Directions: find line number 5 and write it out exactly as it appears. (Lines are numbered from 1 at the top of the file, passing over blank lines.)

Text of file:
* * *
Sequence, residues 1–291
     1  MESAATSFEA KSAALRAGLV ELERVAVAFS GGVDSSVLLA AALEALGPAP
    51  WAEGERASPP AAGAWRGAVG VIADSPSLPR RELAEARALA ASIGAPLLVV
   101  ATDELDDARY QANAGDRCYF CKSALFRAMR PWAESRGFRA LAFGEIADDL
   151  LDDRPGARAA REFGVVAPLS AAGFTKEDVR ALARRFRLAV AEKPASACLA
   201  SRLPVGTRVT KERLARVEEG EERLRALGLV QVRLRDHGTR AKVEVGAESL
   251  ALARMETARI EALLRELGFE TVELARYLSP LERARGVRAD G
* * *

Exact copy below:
   151  LDDRPGARAA REFGVVAPLS AAGFTKEDVR ALARRFRLAV AEKPASACLA